Applications of Invasomal Drug Delivery System
Department of pharmaceutics, RBVRR Women’s college of pharmacy, Affiliated to Osmania University, India.
Received Date:September 30, 2021; Published Date: October 22,2021
The transdermal route is an important pathway for localized or systemic effects. The stratum corneum, the outer layer of the skin, is an essential skin permeation barrier for many drugs. To overcome this barrier, several techniques have been developed, including the use of methods that change the stratum corneum (SC) continuity, such as ultrasound, electroporation, and iontophoresis, and the use of the vehicle and nanocarriers to improve drug penetration. Recently, different types of nanocarriers have been designed to improve the dermal and transdermal delivery of medicines. Vesicular systems appear to be suitable carriers owing to their physicochemical properties, such as deformability, size, and charge, which can be modified by altering lipid constituents and preparation methods. Invasomes are novel and flexible vesicles containing a mixture of soy phosphatidylcholine (PC), terpenes, lyso PC, and ethanol with improved skin penetration in comparison with liposomes. Furthermore, invasomes have the same structural constituents as liposomes but contain terpene in their structure. Terpenes are hydrocarbon compounds and are known to be the primary constituents of essential oils from many plants. Addition of terpenes creates deformable vesicles, which can increase the fluidity of the lipid bilayers of the skin. The ability to permeate through skin layers enhances the activity of invasomes, which exert their effects by fluidizing the bilayer structure of SC lipids and disturbing lipids and intracellular protein interactions. In this article the structure of invasomes, their applications in drug delivery were discussed in detail.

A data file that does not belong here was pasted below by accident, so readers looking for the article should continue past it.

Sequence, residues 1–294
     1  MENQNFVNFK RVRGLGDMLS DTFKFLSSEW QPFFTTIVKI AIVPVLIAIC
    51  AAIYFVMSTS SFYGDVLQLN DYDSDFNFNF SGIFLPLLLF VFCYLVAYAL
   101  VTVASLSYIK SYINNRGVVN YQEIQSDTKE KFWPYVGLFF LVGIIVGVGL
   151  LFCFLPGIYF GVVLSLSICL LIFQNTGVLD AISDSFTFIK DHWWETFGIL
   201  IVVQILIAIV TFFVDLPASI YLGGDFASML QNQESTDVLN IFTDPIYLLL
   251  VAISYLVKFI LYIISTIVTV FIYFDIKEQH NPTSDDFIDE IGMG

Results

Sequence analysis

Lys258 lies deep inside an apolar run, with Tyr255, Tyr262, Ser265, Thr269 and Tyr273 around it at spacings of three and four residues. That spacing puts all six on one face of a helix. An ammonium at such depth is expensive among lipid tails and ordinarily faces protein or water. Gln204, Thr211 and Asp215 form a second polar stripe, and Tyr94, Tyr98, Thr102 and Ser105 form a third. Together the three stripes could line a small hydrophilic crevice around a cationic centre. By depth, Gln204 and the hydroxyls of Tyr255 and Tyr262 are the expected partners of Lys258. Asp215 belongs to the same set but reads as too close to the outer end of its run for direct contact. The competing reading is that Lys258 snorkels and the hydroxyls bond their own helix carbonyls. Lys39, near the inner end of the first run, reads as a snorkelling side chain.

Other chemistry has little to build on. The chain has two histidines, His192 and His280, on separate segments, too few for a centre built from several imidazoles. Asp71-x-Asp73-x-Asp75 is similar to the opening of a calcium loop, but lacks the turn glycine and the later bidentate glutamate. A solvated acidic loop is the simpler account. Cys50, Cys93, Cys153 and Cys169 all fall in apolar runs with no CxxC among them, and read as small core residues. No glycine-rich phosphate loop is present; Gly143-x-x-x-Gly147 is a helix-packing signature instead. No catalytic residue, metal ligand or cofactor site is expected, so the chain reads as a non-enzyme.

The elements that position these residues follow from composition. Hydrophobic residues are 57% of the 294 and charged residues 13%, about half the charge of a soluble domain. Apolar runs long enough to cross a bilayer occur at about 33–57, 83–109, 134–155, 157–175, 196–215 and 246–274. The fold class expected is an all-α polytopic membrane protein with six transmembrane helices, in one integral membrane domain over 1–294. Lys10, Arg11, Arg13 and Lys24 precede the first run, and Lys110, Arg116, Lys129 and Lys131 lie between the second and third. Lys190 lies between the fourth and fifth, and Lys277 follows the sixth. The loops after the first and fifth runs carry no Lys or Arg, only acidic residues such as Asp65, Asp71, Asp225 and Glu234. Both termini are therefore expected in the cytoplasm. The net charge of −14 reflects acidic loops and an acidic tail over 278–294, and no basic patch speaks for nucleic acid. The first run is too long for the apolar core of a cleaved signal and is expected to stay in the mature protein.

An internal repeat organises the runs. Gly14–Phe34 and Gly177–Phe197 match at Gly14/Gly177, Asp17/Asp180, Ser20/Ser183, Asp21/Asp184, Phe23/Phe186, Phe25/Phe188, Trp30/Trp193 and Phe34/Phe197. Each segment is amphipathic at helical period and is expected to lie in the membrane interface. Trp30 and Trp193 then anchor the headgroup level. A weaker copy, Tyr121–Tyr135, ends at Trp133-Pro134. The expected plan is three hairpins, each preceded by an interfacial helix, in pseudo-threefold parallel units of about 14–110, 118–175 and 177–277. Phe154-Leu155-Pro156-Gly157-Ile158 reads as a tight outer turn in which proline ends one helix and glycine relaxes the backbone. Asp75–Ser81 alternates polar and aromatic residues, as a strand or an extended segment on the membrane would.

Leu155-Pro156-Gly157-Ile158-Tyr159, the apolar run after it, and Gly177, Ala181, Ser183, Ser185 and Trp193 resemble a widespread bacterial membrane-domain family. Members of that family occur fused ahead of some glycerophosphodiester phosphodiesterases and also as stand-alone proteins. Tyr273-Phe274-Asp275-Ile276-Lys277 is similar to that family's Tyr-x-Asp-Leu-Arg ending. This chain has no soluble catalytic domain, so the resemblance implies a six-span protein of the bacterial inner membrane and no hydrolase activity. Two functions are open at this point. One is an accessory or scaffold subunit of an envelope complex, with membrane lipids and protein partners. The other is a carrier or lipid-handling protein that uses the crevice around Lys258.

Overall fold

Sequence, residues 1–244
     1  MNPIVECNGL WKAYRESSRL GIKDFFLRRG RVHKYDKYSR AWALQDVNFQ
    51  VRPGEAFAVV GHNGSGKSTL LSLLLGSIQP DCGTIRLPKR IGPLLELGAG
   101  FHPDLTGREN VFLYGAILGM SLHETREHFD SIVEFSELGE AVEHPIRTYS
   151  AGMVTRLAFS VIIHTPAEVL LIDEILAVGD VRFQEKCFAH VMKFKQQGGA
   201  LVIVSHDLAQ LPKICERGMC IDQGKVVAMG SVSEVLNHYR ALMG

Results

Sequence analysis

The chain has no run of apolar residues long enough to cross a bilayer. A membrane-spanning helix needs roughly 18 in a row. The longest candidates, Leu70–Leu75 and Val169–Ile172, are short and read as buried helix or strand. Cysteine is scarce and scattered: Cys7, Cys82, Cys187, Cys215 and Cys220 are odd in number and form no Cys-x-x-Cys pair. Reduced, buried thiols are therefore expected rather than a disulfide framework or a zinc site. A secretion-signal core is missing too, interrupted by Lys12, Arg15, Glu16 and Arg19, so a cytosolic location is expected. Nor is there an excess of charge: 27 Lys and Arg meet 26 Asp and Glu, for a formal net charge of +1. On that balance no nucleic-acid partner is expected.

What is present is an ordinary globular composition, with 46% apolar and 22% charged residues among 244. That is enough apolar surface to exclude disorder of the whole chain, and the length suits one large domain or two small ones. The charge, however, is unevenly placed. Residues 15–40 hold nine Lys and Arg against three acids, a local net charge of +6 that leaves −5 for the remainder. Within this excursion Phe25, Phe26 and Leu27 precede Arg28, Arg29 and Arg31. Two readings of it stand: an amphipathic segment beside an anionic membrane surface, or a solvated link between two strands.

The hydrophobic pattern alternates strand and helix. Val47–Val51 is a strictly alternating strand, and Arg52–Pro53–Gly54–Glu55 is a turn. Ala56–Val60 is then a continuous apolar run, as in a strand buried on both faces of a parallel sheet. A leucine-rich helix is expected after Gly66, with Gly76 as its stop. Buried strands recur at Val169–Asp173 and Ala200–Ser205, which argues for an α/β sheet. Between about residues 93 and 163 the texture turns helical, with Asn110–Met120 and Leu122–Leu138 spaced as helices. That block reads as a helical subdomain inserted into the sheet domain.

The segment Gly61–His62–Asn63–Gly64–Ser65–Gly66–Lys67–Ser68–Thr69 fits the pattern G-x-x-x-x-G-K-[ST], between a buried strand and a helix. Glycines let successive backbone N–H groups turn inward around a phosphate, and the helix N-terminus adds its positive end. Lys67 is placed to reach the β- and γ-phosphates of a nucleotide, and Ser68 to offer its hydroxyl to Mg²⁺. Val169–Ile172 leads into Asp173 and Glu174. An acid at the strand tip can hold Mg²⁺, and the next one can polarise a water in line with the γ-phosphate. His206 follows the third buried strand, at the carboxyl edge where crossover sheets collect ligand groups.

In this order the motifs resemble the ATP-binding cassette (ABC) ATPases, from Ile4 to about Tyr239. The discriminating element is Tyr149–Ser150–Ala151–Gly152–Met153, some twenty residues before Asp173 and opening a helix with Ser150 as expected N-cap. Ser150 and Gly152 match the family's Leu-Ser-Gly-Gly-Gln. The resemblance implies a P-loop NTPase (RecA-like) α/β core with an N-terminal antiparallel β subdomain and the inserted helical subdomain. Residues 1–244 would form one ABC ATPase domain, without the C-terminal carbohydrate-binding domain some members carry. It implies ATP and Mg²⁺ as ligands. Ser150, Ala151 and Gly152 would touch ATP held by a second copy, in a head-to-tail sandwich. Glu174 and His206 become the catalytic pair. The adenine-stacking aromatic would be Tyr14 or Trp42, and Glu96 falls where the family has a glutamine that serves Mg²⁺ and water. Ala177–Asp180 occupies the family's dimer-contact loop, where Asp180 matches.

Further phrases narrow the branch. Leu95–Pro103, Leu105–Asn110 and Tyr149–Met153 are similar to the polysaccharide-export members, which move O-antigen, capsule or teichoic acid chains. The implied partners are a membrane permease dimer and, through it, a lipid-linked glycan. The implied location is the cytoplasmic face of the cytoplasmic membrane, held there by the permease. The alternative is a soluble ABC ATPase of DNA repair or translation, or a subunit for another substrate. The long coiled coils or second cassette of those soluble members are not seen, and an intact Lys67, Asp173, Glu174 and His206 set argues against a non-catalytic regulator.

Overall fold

Keywords: Invasomes, Terpene, Thin film hydration technique, Characterization